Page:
This difficulty goes both ways. If your school has a system that works well and you want to share it with another school, it can be difficult or impossible for you as an individual to share your school's system.

Open Competencies makes it easier for schools to share each other's resources. Say you are at an education conference, and you show a teacher from another school the standards that your school uses on Open Competencies. If that teacher wants to use your system they can register an individual account in less than a minute, make a new school, and copy your school's system in one click. They can then go back to their school and begin using their own copy of your standards, and they are free to revise them to meet the specific needs of their students.

Try it out: Open Competencies is currently in alpha, so new accounts are by invitation only. However, you can log in under the username 'guest', with the password 'guest'. Once you do this, you can create a new school and then "fork" an existing school's competencies. This gives you your own copy of that school's competencies, which you can modify as you please.

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Problem: Most schools have one set of "graduation requirements", ignoring the fact that students have many different goals in life.


Most districts and schools publish one set of graduation requirements, which are usually aimed at students who plan to go to a four-year-college. There is usually some flexibility within these requirements, but different career pathways are usually not very well defined for most high school students.

Open Competencies allows you to create different "Pathways" through your competency system. A Pathway is simply a named set of elements within your system. Students could then be set up to follow a certain pathway tailored to their career interest.

This ability to identify different graduation requirements for individual students, based on their post-high school plans, is one of the main features of Open Competencies.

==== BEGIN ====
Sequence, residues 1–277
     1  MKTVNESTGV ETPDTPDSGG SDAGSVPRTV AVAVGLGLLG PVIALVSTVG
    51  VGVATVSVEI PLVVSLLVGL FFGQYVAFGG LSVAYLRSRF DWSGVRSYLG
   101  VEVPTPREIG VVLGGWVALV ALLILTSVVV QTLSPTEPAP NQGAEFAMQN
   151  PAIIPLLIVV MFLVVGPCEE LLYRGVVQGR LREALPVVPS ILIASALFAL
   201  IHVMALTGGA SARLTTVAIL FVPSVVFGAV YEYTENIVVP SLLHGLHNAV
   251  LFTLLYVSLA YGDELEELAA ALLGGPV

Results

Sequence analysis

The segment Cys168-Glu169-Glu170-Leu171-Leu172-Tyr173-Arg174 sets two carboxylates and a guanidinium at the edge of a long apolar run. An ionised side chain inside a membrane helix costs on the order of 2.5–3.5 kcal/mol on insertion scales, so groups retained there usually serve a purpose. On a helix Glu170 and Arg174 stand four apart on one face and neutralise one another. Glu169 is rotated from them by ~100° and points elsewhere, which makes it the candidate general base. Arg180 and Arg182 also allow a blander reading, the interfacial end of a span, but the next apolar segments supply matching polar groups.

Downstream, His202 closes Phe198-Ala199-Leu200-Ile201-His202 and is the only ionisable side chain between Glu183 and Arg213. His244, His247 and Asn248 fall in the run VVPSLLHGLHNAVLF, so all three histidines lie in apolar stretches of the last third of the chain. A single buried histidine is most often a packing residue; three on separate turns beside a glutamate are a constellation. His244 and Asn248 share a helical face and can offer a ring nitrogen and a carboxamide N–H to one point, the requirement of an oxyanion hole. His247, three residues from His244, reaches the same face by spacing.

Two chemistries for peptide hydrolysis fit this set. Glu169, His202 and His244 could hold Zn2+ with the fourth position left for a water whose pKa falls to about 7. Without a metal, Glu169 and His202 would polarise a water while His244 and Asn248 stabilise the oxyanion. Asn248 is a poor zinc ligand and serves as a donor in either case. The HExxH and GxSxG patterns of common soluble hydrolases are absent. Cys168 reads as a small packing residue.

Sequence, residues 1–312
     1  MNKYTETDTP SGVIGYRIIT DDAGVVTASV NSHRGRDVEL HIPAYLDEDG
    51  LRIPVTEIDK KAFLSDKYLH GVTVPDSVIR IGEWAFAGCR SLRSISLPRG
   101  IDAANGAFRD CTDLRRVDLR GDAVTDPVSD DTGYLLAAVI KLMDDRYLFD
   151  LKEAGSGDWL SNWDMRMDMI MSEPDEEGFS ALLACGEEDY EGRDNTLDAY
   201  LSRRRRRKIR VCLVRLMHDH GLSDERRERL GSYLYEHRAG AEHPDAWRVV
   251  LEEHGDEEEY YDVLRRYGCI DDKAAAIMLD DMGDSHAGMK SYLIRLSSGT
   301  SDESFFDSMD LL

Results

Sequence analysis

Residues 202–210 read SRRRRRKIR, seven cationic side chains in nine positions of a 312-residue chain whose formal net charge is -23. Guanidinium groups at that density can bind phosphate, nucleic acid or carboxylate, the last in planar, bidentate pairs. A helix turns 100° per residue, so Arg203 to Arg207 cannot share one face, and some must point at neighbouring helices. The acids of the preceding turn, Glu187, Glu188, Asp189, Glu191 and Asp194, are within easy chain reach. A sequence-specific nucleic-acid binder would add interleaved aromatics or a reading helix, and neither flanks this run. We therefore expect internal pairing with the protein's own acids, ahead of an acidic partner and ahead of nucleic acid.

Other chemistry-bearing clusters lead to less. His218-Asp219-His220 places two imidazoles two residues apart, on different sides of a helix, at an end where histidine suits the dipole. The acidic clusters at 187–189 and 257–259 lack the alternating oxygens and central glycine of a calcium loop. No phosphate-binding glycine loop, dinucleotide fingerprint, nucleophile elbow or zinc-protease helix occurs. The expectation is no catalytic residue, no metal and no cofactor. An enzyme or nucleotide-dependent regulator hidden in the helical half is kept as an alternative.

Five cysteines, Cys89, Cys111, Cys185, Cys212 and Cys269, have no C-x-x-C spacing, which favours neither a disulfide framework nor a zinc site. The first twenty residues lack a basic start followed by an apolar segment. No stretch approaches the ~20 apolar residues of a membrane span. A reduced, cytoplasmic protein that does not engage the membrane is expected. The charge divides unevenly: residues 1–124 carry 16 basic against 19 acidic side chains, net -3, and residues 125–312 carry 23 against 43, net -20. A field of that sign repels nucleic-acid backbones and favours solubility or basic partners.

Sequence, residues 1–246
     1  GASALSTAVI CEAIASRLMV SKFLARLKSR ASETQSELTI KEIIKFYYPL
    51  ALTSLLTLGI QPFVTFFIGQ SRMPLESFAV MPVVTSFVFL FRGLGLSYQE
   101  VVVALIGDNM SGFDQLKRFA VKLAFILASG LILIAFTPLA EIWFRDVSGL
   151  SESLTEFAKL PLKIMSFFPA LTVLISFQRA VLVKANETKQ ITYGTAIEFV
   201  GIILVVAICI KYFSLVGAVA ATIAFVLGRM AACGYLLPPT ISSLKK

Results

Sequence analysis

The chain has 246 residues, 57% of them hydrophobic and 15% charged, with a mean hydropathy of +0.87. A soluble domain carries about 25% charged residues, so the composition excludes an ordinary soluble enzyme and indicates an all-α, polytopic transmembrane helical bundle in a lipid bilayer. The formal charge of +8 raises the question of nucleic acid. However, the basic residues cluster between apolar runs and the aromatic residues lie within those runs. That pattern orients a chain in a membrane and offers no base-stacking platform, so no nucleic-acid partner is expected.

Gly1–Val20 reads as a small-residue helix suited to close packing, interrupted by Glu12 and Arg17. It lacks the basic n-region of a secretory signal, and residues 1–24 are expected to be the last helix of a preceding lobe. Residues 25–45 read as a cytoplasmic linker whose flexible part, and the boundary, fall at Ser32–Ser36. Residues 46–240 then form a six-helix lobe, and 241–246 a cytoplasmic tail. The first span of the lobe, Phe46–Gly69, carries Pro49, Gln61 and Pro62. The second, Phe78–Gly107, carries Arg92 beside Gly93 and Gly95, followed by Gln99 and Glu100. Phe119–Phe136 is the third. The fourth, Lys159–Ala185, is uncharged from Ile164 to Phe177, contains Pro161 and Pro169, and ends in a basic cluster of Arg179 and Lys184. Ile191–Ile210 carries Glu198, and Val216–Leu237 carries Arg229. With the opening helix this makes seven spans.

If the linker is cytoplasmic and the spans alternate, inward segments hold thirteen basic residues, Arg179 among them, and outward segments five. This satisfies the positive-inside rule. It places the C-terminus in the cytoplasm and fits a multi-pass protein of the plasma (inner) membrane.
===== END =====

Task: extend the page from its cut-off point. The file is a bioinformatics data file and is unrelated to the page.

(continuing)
Try it out: You can see a sample pathway that represents minimum high school graduation requirements, and a sample pathway that shows a student what they would need to learn to become a physicist. If you log in with the username 'guest' and password 'guest', you can make your own Pathway for Sample High School.

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Problem: Many technology-focused educational resources are built more with a profit motive in mind than with a goal of serving all students.


There are many good education-related resources available now, but many of them have important financial and proprietary issues. Proprietary resources will never foster widespread adoption of truly innovativate approaches to education. Charging money for educational resources, while appropriate at times, significantly increases the friction involved in adopting those resources. There is a strong need for high-quality, fully open educational resources.

Open Competencies is a fully open project. The code for this site is open source, and licensed under the AGPL. The actual competencies published on Open Competencies will be licensed under an appropriate Creative Commons license as well.

Try it out: If you are a developer, please kick the tires a bit and take a look at the project on github. Please share some feedback if you'd like to see this project fully developed.

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If you'd like to get in touch directly, you can find me on twitter @ehmatthes, or you can email me at ehmatthes at gmail.